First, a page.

The Oceanographic Institute in Monaco organised the first aquarium congress back in the 60s.
“Then there was a dormant period, after which they organised another one – and at that meeting everybody said – this is so important we should do this periodically,” says Nightingale. “And they chose every four years. So, they decided that the next congress would be in Europe/Africa zone, the next in the Americas zone, the next in the Asian zone.
“So, it has been held in Monaco, Boston, Tokyo, Monaco, Monterey Bay, Shanghai, Cape Town, Vancouver, and then it will go to Fukushima, Japan.
“And at the last IAC four years ago, we decided four years is too long: we’re going to move it to every three years.”
(The next one will actually be in two, rather than three years. It should be in 2019 in Japan, but because the Japanese are hosting the Olympics in 2020, they decided against conferences in 2019, and it was moved to 2018. In 2021 it will go back to the Europe/Africa zone.)
(Above: Vancouver Aquarium Teck Connections Gallery)
Vancouver Aquarium has been involved in the IAC from the very beginning, and on the steering committee since its inception.
The Congress is being held in Vancouver’s functional and beautiful Convention Centre between the 25th and the 30th of September, which Nightingale says is a wonderful month to visit the city:
“It’s a great place to come, with a lot of outdoor activities, ranging from whale-watching to kayaking, from bicycling to touring other aquariums on the West Coast, so it’s pretty well located in that regard – a very friendly and safe city. Vancouver is the most multi-cultural city in Canada, and maybe in North America.”
(Above: Comber – rescued sea turtle)
This year, he adds, the Congress is different from its previous incarnations, in that each delegate will leave the ninth IAC with…
“…a state-of-the-art briefing and understanding of what the current state of things are in our ocean and aquatic environments.”
Typically, a Congress comprises presentations on a whole variety of topics pertinent to managing and operating aquariums. There are now around 500 aquariums across the world, a number that is growing by as much as 20 or 25 a year. There has been a lot of growth in Asia in the last few years. The number of Chinese aquariums has gone from 15 up to 90 in the last ten years.
“So you hear an awful lot of presentations,” admits Nightingale.
(Above: Aurora – beluga)
An Overview of the World’s Oceans and Freshwater Ecosystems
However, this year, he says, they are doing something unique. Eight experts will be delivering a comprehensive overview of the current state of the world’s oceans and freshwater ecosystems.
“So, everyone who comes to the Congress will have as good an understanding of the health of our oceans and freshwater ecosystems as it’s possible to get.”
The delegates will be given a briefing by senior scientist Dr Gregory Flato on climate change and climate change modelling; one by oceanographer John Englander on sea level rise, PH and other oceanographic indicators; one on the state of ocean fish populations by marine ecologist Dr Boris Worm; one on the state of freshwater fish populations by Dr. Paul Loiselle; one on the state of ocean pollution and plastics by Dr Paul Ross, one of the plight of coral reefs by Dr James Guest, and one on the state of amphibian and other non-fish aquatic species by Dr. Jennifer B. Pramuk.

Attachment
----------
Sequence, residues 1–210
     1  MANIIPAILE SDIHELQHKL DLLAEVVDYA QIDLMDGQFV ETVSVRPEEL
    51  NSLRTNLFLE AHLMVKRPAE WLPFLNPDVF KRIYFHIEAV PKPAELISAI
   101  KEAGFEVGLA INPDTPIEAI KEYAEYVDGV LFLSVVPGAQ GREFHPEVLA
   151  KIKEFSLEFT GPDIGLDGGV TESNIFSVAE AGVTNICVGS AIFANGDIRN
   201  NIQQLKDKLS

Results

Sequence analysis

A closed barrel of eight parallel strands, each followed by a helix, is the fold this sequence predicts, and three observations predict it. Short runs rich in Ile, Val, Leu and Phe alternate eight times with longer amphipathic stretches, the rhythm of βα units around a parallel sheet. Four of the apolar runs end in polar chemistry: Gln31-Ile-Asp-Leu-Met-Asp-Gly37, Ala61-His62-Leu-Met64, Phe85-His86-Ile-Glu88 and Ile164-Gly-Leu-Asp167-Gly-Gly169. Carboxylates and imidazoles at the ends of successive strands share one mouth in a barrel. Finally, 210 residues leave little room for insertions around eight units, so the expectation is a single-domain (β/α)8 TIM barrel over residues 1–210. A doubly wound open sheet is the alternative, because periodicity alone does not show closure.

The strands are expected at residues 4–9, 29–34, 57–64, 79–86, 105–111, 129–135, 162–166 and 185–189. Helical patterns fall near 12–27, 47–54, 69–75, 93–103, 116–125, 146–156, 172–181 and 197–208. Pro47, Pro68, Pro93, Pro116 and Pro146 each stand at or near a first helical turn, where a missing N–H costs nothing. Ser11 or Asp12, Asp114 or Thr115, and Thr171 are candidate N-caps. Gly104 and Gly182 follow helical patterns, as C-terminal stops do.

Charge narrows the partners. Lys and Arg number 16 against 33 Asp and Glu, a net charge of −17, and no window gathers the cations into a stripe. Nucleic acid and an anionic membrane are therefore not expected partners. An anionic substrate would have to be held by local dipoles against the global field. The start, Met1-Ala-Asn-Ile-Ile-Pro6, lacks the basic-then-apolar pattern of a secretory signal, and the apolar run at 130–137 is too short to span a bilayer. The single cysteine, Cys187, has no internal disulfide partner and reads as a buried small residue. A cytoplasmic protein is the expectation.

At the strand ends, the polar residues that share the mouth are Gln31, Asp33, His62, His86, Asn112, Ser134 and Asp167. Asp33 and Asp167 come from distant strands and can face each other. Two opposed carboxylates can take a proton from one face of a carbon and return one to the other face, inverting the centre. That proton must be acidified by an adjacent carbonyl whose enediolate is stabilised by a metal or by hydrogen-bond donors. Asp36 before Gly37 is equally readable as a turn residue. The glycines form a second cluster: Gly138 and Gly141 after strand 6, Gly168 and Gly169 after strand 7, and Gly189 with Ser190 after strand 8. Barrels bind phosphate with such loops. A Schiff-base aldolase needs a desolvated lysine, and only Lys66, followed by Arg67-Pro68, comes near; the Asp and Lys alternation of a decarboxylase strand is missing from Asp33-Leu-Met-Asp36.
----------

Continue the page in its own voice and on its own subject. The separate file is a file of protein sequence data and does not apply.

“And, then, in the eighth keynote, Julie Packard, Executive Director of the Monterey Bay Aquarium, will provide the wrap-up,” says Nightingale.
Visitor Engagement – The Science of Talking Science
Packard’s concluding talk will address the need for aquariums to use this information actively in their visitor experiences and communications to help make more and more people aware of these issues and to begin to make personal changes where they can.
“All our aquariums work with visitors, and those are the people we need to engage more.
“We’re trying to make it relevant to everyone, and, of course, everyone in an aquarium, whether you’re an aquarist, a marketing person, an administrator – you play a role in the visitor experience and resulting engagement that comes out of it.”
(Above: Daisy – rescued harbour porpoise)
Nightingale believes that although the oceans in general are not yet in a state of crisis, certain areas and species are getting pretty close.
“Probably the biggest of the main problems facing the ocean at the moment is over-fishing and mal-fishing, meaning fishing that damages the environment. 90% of the fish longer than six feet are gone in the ocean. We are fundamentally changing the ecosystem, the machinery, in the ocean.
“Changing climate will be the biggest impact. It’s already starting to be noticeable and have effect, by the shifting in ocean acidification or PH, and warming will, over the next 500 or 1000 years, have the biggest impact.
“Pollution and contamination continue to grow as impactors, and that includes ocean plastics, and shore-side development in all parts of the world as more and more people live close to the coast is a key factor in localised environments.”
Aquariums Worldwide Attract Three Quarters of a Billion Visitors
Nightingale is optimistic, however, that it can be turned around.
“I believe that aquariums have a very interesting role to play. If those 500 aquariums have a visitorship each year of something approaching three quarters of a billion people, and if we can get people interested, and curious, and talking about the ocean, governments respond to public discourse.
“If we have no greater goal than getting millions of people talking about this at the dinner table, or parties, or over the office lunchroom, we will have had a major impact. And that’s what it’s going to take, because the problems of the oceans are global, and, just like with climate change, it’s going to require governments working together to address them.”
Images kind courtesy Vancouver Aquarium.